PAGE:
But Edith is perhaps most proud of her judicial record on the bench. Her living room displays an American flag and a bronze stature of an eagle, which stand out among the many photos of her children, grandchildren and great-grandchildren. The crouching eagle, discovered in a downtown antique shop, found a home in her courtroom soon after Edith's first election in March 2005, in which she defeated two other candidates. "I tried to be firm, fair, courteous and impartial with all who came before me," notes Edith, "and I never once had a complaint filed with the Office of Judicial Standards."

Silver City Police Chief Ed Reynolds concurred during a recent retirement ceremony, praising Judge Gutierrez for raising the standards of the municipal court and making many improvements during her tenure. At the same event, Mayor James Marshall thanked the departing judge for "putting in long hours" as well making a strong commitment in service to Silver City.

In 2008, Edith received an unsolicited letter from Julie McIntyre, who had appeared before her in connection with a seat belt citation. McIntyre sat through two prior cases before her own case was called, noting afterward that the judge "responded with care, compassion and integrity. You clearly had no interest in abusing power. You listened to the details of our plights and spoke clearly without denigrating us or causing damage to our souls. You responded without judgment or condemnation." A judge's job is not easy, the letter continued: "You see the gamut of suffering that is part of life, yet you have inside of you an inherent goodness."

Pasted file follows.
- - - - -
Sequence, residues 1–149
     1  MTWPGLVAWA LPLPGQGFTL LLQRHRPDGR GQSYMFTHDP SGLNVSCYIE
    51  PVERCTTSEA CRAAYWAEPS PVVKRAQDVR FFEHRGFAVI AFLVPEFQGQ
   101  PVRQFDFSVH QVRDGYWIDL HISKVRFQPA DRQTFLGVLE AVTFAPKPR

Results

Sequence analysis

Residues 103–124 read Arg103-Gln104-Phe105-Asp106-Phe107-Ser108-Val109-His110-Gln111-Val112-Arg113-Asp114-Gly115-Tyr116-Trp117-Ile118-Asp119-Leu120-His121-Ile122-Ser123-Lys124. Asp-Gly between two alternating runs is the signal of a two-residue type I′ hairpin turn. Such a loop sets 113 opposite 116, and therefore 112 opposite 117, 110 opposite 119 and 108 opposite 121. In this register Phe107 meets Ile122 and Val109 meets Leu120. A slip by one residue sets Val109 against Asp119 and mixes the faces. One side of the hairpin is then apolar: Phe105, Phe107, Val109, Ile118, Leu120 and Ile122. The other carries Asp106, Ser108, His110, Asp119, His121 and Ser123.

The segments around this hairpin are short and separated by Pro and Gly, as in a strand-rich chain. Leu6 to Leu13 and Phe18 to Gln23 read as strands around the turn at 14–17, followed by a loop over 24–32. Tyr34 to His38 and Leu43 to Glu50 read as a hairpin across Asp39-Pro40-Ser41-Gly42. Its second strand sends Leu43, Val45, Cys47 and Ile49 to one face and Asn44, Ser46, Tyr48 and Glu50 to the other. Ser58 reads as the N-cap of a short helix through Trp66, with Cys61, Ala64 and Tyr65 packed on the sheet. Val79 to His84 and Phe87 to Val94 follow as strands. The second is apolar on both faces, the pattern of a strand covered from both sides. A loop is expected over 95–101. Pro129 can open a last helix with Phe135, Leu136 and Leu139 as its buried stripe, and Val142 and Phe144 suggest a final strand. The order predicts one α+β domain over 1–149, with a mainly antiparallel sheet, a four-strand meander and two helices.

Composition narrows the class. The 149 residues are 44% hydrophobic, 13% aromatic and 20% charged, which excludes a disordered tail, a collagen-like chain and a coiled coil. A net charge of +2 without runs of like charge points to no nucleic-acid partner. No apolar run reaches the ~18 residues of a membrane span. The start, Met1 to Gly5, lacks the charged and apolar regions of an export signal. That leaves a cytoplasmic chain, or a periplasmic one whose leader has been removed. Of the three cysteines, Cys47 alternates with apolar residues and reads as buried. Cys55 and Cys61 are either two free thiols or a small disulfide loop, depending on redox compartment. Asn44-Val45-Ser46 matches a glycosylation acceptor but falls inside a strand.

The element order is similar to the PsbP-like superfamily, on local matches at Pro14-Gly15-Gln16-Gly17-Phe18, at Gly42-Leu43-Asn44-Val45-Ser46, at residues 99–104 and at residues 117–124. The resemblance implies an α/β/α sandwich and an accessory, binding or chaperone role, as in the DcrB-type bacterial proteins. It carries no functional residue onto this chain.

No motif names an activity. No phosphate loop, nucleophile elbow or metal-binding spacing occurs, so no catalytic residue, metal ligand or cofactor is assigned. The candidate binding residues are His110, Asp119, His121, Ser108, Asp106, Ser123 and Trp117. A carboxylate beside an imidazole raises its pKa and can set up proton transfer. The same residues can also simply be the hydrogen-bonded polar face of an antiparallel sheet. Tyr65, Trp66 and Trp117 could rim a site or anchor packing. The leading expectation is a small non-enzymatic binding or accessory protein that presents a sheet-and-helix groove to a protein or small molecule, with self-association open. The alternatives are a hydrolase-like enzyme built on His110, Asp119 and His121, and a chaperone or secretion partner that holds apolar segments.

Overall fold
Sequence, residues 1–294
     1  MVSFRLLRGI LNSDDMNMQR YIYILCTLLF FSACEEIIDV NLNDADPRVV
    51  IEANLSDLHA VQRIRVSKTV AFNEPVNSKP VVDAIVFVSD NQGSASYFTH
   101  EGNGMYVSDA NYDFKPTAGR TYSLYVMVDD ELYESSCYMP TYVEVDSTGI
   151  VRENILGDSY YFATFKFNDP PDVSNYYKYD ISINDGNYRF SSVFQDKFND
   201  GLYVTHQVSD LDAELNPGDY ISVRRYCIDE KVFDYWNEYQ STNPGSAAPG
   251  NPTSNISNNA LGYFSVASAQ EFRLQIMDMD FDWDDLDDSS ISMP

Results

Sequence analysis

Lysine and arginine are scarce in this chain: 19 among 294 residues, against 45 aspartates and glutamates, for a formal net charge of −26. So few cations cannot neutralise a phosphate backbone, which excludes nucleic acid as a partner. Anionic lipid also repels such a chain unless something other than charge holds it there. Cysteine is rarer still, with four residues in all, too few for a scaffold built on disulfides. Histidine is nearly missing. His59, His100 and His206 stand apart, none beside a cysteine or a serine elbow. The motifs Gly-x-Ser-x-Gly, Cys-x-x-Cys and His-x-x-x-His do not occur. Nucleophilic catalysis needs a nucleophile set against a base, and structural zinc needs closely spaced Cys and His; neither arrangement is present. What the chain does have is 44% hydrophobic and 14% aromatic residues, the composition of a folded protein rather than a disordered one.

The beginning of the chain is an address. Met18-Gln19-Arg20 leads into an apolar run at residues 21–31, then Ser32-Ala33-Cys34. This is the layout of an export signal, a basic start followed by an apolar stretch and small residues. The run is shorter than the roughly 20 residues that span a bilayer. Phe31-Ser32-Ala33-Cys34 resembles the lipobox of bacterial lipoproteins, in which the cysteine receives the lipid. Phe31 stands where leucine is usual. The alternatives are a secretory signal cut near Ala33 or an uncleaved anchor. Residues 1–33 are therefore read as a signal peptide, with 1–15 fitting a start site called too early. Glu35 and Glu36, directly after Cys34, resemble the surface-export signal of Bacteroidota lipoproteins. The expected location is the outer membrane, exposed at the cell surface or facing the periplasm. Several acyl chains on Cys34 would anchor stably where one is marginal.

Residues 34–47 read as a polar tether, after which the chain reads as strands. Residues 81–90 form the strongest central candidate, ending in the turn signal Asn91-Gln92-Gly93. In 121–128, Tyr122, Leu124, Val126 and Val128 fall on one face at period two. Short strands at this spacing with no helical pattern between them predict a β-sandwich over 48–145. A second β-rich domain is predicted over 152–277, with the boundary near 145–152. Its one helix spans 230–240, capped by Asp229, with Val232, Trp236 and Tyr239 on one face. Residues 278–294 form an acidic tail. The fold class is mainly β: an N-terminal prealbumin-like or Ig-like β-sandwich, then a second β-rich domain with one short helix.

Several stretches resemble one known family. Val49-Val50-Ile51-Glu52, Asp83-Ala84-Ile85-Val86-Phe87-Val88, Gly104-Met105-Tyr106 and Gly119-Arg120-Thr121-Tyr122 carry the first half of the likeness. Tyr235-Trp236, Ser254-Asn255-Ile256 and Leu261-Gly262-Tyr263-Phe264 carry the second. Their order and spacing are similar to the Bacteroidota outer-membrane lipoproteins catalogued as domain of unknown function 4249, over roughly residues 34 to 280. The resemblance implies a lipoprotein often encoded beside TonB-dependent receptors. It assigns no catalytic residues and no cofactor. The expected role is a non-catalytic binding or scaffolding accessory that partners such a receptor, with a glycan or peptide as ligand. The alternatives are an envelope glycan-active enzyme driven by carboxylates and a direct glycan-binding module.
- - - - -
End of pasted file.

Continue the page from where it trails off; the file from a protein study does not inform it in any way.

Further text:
Judge Gutierrez, McIntyre told me recently, still has her "highest regards. I knew it was important to let her know what an impact she had on me that day."

This letter, the judge confides with a catch in her voice, "made me cry and cry."

Asked about incidents that brought her other sorts of satisfactions, Edith describes "immobilizing" the skateboards of young men who repeatedly broke the Town of Silver City's skateboarding rules. "I had them do community service," she remembers, "and they were itching to get their boards back." The judge tucked them in a janitor's closet until the youths completed assigned tasks. Years later, one fellow walked up, introduced himself, and thanked her. "He had joined the military and found a real path in life," says Edith. "In the end, he was glad I immobilized that skateboard."

Another young man called the judge to thank her for intervening in his life, too. Edith had taken steps to divert him from gangs and criminal activity. "At the time this person came before me as a troubled teenager," she recalls, "his dad was gone, his mother was in drug rehab, and he was in charge of his little brother and sister. The poor guy was in and out of jail, with a file that kept growing. I assigned him to do community service with me, feeding him pizza and burritos when he got hungry. Eventually, I got his grandparents to look after the younger siblings and sent officers to check on him at home. That drove away his friends who were in gangs." The former delinquent recently revealed that he is now going to college and deeply involved in church work.